Here’s the formula for impression based comedy. Rather similar to the topical comedy blueprint you take two news events apparently unconnected and incorporate them together in a bizarre scenario which demonstrates some hitherto unknown parallels between the two. Let’s say you’re a comedy writer and that the news items in front of you are: i) Parliament returns from summer recess. ii) The circus comes to town! Your comedic pay-off: Parliament is a circus! With a ringmaster, unruly animals and a paying public. You’re in business.
"And now I mock your folly. And you become the fool. See what a powerful formula this is?"
Faced with a rapidly approaching deadline you might conjure up some joke about how in the circus they spin the plates, in Parliament they spin the truth. And then there’s funny guy in the make-up and wig who nobody takes seriously. Or Mr Speaker as I call him. Ha! You thought I was talking about the clown didn’t you? And now I mock your folly. And you become the fool. See what a powerful formula this is?
Dead Ringers certainly do as they rarely deviate from the blueprint. And they’re quick to kick off their sixth season with an appalling Da Vinci Code take off Da Rolf Harris Code which was as baffling as it was unfunny. I’m not quite sure why Rolf Harris is topical unless it’s the only impersonation Jon Culshaw knows people will recognise
"Seriously, is that the best they could come up with, that Jag rhymes with shag? A joke already used by a every sub-editor in the country for a fortnight?"
In other news John Prescott has admitted to an affair and David Blaine is spending a week underwater. Bizarre incorporation scenario: Prescott announces that to emulate David Blaine he is spending a year. In a pie. Because he’s fat. See what they did there?
John Prescott gets it again and again and they pile on the pathos with the same trowel Rory Bremner uses to apply political comment. At the end of a GMTV interview Prescott bursts into song "I’m too sexy for my Jag. I’m desperate for a shag". Seriously, is that the best they could come up with, that Jag rhymes with shag? A joke already used by every sub-editor in the country for a fortnight? One that would struggle to get a laugh in a school playground?
But they don’t just strike fearlessly at the heart of government. Noel Edmonds also gets it in the neck. They have him addressing the camera with "where the hell do I buy my shirts?". Criticising Edmonds’ shirts – that’s really going for the throat. OK, nobody said satire had to change the world but there’s a general idea that it should be funny.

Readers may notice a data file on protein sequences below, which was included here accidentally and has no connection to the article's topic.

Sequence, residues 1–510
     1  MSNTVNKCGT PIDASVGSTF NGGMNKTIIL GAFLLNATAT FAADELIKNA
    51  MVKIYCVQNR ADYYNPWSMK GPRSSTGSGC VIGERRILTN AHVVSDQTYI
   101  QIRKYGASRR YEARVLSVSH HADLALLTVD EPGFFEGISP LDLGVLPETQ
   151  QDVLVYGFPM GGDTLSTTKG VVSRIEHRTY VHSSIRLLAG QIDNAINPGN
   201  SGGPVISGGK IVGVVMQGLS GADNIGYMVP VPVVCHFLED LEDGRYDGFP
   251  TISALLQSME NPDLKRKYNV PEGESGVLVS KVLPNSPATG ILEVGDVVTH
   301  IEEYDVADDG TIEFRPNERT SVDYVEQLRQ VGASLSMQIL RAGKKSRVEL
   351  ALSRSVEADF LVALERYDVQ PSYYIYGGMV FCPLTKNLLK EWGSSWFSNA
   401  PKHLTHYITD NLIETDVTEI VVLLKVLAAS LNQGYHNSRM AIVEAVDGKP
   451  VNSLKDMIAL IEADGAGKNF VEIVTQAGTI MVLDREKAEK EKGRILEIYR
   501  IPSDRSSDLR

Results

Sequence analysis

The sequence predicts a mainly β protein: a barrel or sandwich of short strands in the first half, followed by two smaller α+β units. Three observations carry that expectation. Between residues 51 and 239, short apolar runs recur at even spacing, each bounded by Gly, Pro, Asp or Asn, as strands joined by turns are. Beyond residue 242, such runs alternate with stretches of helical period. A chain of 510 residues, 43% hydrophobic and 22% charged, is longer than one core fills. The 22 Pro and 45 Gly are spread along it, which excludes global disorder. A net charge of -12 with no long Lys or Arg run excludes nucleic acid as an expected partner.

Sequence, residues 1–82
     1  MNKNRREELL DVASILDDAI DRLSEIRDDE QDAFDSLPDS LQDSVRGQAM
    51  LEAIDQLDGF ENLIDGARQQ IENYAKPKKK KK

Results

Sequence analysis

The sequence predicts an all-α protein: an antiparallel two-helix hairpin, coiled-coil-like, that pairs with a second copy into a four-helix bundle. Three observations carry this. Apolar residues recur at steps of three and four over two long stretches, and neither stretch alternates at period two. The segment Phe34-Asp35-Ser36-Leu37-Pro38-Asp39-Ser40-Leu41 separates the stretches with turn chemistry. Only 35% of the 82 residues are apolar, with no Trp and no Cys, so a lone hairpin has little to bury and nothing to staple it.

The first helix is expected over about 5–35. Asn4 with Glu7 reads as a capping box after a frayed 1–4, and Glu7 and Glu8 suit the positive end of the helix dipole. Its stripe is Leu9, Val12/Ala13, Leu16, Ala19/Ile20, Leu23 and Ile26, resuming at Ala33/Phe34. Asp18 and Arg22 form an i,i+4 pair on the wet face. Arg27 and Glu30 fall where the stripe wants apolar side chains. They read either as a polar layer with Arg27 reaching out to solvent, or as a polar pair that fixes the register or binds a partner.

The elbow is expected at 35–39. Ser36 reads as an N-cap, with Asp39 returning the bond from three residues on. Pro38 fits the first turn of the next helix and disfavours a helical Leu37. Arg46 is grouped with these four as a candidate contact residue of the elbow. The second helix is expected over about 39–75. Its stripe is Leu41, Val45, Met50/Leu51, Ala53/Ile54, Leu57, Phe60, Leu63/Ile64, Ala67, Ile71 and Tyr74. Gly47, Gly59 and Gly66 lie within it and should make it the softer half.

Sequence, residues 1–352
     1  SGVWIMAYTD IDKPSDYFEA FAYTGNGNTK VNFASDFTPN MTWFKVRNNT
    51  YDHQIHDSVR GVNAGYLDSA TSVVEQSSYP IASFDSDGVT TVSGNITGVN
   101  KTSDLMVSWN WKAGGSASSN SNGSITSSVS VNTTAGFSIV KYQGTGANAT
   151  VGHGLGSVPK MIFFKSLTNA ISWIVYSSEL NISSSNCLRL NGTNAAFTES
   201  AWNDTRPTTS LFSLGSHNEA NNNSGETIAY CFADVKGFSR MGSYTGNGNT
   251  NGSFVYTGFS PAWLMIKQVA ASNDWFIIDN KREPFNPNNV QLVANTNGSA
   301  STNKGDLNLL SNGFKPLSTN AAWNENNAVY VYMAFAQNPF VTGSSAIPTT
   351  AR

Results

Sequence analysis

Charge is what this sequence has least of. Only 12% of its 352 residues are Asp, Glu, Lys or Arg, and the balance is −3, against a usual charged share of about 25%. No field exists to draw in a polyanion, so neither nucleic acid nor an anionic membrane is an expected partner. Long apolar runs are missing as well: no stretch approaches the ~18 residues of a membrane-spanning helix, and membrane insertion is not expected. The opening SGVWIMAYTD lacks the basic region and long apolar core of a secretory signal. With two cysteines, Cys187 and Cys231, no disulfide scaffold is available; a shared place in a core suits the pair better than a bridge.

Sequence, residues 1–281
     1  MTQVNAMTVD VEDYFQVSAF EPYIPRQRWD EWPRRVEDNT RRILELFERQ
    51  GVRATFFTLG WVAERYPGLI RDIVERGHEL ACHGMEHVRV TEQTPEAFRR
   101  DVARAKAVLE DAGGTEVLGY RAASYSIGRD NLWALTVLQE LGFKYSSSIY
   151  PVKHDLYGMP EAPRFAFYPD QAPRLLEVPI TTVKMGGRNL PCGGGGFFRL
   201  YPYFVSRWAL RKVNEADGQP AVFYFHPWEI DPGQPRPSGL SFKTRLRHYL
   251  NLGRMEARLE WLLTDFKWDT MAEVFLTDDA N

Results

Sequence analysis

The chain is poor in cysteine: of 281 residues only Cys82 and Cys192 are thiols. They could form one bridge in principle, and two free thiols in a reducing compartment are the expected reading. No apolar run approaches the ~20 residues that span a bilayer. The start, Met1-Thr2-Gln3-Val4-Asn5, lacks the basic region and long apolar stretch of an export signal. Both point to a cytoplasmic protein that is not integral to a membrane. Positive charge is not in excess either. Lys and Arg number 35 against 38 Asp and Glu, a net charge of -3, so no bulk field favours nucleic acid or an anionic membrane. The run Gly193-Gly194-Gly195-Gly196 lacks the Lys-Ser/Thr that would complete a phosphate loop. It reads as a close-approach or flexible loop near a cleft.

"’The only time they hit a target worthy of the effort is the 10 Years Younger spoof – accurately reflecting the shallow stupidity and cruelty of that ridiculous show.
Showing that they don’t care whose toes they tread on they ruthlessly lampoon clueless indie filth Arctic Monkeys – pointing out that they’re a bit like George Formby. If you say so, Jon.
The only time they hit a target worthy of the effort is the 10 Years Younger spoof – accurately reflecting the shallow stupidity and cruelty of that ridiculous show. But everything else misfires horribly. it isn’t just bad writers or a lazy script editor that’s the problem (although Dead Ringers undoubtedly has both of those) – it’s the fundamental ethic of the show that is the problem. Each celebrity is surrounded by a marshmallow bodyguard wearing a T-shirt saying "nobody here gets hurt".
Dead Ringers is a cosy throwback to Seventies light entertainment where jokes about British Leyland workers and British Rail pork pies were delivered with such affection it was like a gentle ribbing around the Christmas dinner table from your family.
"This isn’t take-no-prisoners comedy. Dead Ringers take prisoners, give them a comfy cell, call them a lawyer then release them without charge."
This isn’t take-no-prisoners comedy. Dead Ringers take prisoners, give them a comfy cell, call them a lawyer then release them without charge. Comedy doesn’t have to be nasty. Harry Hill has shown a finely tuned sense of absurdity can be brilliantly effective. But you’ve got to be very good to pull that off – and if you’re not that good then you’d better start breaking some skulls. Because people came to see blood.
Of course, impressionists think that they don’t have to be that funny. They think that the funny voice is good enough. So Dead Ringers is bedevilled by the same lazy set-ups and cheap lolly stick gags that have plagued every impressionist vehicle since Mike Yarwood.
It’s this poverty of aspiration that means every impressions based show is stillborn. Until they raise the bar and start aiming for something that’s funny without the George Bush voice that’s not going to change.
The best thing about it: The 10 Years Younger skit.
The worst thing about it: The suffocating cosiness of it all
The verdict on Dead Ringers: Don’t do drugs. Well, not that close to a tournament anyway.
Marks out of 10: 4